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The Dreaded Detox Cleanse

Posted By Carol L. Hunter PhD, PMHCNS, CNP, Tuesday, February 21, 2017

As spring peeks around the corner at us, our thoughts go to the rejuvenation of mind and body that this time of year seems to inspire in us. Perhaps it’s the vision of how we will appear in a bathing suit, knowing that we could still shed a few pounds. Perhaps it’s that attempt to put a better dent in that rising cholesterol level. Perhaps it’s the first touch of the warmth of the sun upon our skin, leaving the chill of winter far behind. Whatever the source of our inspiration, it drives up our motivation and prepares us to take action.

Detox cleanses are becoming more and more common in our world and more groups are joining in: the athletes, the overweight, those with chronic illnesses and of course the walking well but worried! I, for one, freely admit, I have had a love/hate relationship with green juices. When I visit my daughters, I am invariably handed a very tall glass of green “juice.” It all began with smoothies, so firm and so smooth, that I barely could tip the contents out of the glass. Between the almond milk and the banana, it was too thick for my taste. Making them was fun to watch; however, and I was amazed at how you could throw large pieces of kale and other greens in the mixer and how smooth it came out. I only lasted a few months on those.  Next in line were the green juices that are made in a juicer that removes all the pulp. While the nutrients of fresh vegetables were beneficial, there was no fiber in this drink. I didn’t really like the taste either. Actually I did better with the “red” juices, the ones made with beets, apples, celery and lots of ginger. If I tried to have one of these for breakfast and was too rushed to eat anything else, I’d be starving in a matter of hours, not a good strategy in the middle of a workday.

Fortunately, for those of us who prefer to eat solid than liquid food, there is the mighty mono food diet.  Kitchari is used as an Ayurvedic detox food that also is believed to foster spiritual growth in its native India. Kitchari is the Sanskrit word for mixture and is used to describe any dish that is made with beans and rice. Originally it was used to feed the sick, the elderly and babies due to its high digestibility. The purpose of the diet is similar to the goal of juicing with some added benefits.  First of all, the food has substance, so it is high on satiety, which is the feeling of fullness and satisfaction we get after eating a meal. The higher the satiety the higher the leptin levels which stave off hunger for longer periods of time and prevent overeating.  This makes it a perfect weight loss food.  If you have any gastrointestinal issues, it is an excellent diet for healing and repair of inflammation. Mono diet means you eat the exact same food for a period of time, up to about a week. Mung dal or moong dahl is the mono food of choice due to its high level of digestibility. Mung beans are hulled, split and soaked until ready to prepare. In combination with a grain such as rice, quinoa or teff, the meal becomes a complete protein, low in fat and high in B vitamins and minerals. White rice is recommended because brown rice has its outer shell and is harder to digest. The downside is that the shelled mung beans and white rice have a low fiber content so a caveat is to supplement some form of fiber like psyllium while on this cleanse to prevent constipation. Its estimated glycemic load is only 59 on the scale of 0-100, which means it has the ability to keep your blood glucose level at a steady level longer, able to prevent frequent hunger spikes. If you will be eating it for days at a time, you can make it more interesting by changing the vegetables from one dish to the next. One day add carrots and kale, the next add zucchini and swiss chard, the next butternut squash and cilantro. Another variation is to cook the mung dal and the rice separately instead of together. The true beauty of this dish is that it does not precipitate the “starvation response” that is characteristic of so many diets in which the body feels deprived and goes into the emergency mode of decreased metabolism in order to hold onto its calories.  Conversely, kitchari allows the nervous system to relax, feeling it is being properly nourished and satisfied. The result is that fat is metabolized and toxins washed away leading to, in the minds of many, the perfect cleanse. In addition, it is cheap! One 32 ounce bag of both rice and mung dal can feed two people 3 meals a day for a whole week! Try it out and you will be glad you did.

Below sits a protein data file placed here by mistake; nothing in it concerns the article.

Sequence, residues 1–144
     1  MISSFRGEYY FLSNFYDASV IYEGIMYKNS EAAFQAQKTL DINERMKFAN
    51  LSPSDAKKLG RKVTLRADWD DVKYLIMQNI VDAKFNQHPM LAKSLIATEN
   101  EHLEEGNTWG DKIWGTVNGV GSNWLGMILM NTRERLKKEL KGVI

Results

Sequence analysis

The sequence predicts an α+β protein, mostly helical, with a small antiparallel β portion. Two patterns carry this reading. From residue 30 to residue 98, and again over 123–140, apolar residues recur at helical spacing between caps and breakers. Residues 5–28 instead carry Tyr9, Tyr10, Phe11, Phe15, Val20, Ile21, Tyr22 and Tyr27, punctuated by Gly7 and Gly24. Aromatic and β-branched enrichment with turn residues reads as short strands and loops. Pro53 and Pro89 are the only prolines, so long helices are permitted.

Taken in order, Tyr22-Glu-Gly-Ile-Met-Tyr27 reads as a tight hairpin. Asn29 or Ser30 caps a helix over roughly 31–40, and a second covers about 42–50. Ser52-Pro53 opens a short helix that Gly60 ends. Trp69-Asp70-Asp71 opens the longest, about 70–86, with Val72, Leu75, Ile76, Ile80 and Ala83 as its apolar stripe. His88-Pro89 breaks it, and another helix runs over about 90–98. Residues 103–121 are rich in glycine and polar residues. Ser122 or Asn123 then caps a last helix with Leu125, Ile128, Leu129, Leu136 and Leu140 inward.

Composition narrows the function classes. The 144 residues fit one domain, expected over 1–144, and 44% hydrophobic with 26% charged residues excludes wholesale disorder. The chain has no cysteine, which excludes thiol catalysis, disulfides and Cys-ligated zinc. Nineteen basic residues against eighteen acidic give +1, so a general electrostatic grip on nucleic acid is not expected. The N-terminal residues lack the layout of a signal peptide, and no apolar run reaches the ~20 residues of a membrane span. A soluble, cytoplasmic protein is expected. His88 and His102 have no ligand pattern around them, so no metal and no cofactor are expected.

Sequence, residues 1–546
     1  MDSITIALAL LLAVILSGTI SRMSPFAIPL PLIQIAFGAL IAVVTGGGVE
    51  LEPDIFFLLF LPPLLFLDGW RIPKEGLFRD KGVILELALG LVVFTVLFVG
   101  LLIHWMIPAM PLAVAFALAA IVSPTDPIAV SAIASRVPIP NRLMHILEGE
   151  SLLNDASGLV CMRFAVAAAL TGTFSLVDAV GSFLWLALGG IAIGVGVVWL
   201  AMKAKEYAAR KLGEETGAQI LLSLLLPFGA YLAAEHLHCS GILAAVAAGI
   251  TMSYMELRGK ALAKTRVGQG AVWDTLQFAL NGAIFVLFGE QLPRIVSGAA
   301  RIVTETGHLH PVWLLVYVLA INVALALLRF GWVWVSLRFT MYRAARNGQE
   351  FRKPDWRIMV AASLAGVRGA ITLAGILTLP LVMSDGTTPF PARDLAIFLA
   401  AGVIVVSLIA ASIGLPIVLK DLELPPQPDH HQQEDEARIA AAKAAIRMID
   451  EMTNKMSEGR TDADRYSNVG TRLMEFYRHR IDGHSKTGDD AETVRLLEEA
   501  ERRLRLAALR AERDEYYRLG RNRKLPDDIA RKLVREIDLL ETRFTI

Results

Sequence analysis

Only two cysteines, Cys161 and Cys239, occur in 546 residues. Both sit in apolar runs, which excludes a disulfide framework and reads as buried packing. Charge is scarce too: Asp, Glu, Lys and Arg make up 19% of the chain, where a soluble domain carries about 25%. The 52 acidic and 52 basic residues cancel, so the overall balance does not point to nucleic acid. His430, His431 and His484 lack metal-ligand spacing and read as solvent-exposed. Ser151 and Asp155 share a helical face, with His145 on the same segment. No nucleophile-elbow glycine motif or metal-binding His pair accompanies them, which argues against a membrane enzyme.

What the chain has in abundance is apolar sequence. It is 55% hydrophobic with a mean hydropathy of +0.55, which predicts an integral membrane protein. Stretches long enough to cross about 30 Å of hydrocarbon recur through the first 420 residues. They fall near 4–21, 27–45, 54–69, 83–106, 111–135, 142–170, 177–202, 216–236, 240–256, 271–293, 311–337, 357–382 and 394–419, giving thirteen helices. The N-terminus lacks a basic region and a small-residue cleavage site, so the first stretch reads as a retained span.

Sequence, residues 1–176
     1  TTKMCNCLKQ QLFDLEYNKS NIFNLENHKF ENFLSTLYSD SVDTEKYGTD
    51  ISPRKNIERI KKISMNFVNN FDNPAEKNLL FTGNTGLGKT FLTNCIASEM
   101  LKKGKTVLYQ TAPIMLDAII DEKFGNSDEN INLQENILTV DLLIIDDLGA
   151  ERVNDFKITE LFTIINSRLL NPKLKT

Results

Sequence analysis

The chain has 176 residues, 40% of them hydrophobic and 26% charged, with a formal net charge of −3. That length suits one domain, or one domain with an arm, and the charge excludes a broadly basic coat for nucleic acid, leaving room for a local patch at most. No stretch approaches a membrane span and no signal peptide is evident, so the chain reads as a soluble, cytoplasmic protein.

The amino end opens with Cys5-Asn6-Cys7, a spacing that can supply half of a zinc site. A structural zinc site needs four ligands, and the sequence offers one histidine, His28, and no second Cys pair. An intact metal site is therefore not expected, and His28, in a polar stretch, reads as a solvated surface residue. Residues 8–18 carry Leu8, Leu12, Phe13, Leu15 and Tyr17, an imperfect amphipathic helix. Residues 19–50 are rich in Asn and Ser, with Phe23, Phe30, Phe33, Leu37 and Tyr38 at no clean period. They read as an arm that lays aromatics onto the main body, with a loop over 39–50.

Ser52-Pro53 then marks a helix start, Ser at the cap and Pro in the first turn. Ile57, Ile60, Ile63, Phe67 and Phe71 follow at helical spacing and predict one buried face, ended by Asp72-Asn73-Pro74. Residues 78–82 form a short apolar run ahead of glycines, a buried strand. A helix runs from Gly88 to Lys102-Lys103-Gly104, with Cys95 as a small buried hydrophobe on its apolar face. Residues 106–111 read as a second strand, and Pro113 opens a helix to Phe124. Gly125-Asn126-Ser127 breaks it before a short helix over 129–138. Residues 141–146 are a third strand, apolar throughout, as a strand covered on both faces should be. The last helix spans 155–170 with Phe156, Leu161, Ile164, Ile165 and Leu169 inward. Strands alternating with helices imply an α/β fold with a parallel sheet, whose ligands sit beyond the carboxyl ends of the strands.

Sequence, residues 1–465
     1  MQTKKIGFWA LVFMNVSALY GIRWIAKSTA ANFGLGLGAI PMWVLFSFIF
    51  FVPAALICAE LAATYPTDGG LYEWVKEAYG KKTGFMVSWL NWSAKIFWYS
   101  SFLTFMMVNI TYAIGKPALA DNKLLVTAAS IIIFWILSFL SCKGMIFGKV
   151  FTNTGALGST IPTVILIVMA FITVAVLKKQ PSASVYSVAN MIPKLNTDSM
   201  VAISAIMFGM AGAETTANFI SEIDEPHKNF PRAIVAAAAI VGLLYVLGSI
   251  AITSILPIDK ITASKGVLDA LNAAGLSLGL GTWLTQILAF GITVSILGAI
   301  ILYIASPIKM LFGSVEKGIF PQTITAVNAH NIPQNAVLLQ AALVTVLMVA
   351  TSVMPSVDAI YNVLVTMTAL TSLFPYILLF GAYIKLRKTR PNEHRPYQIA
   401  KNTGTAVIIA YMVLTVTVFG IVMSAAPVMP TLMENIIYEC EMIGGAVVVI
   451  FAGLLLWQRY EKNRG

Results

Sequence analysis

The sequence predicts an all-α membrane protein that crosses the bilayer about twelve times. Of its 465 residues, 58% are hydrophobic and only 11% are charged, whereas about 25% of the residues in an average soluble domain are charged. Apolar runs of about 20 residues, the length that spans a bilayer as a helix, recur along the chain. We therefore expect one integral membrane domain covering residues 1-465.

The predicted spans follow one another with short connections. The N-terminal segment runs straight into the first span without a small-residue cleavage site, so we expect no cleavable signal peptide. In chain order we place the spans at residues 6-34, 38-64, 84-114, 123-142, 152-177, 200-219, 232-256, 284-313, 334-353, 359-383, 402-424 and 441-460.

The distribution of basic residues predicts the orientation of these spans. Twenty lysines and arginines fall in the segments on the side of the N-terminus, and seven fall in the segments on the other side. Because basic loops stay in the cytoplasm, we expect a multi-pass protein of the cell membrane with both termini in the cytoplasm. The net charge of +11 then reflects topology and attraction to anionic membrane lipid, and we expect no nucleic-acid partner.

A word about ghee or clarified butter: I have included the recipe for making ghee as it is the most important fat in Ayurvedic  dishes. Not only does it have a high smoking point similar to coconut which makes it useful for cooking but it does not need to be refrigerated. Kept in the dark in an airtight container, it can be kept two to three months or up to a year unopened in a refrigerator. There are accounts of 100 year old ghee! It has been used in Ayurveda for thousands of years and is found in the original Sanskrit texts. A sampling of benefits include: it is safe for the lactose and casein intolerant due to the removed milk solids and impurities; It is rich in vitamin A, E, K2 and CLA (from grass fed cows;) it is a source of medium chain fatty acids that are an excellent energy source and that allow the body to burn other fats; it is rich in butyric acid which increases killer T cells in the gut that foster the immune response and help to keep the intestinal mucosa healthy. In a 2010 study by Shamara et al in the journal, AYU, the researchers concluded that data in the literature does not support a harmful effect on lipids by the moderate consumption of ghee in the general population. 

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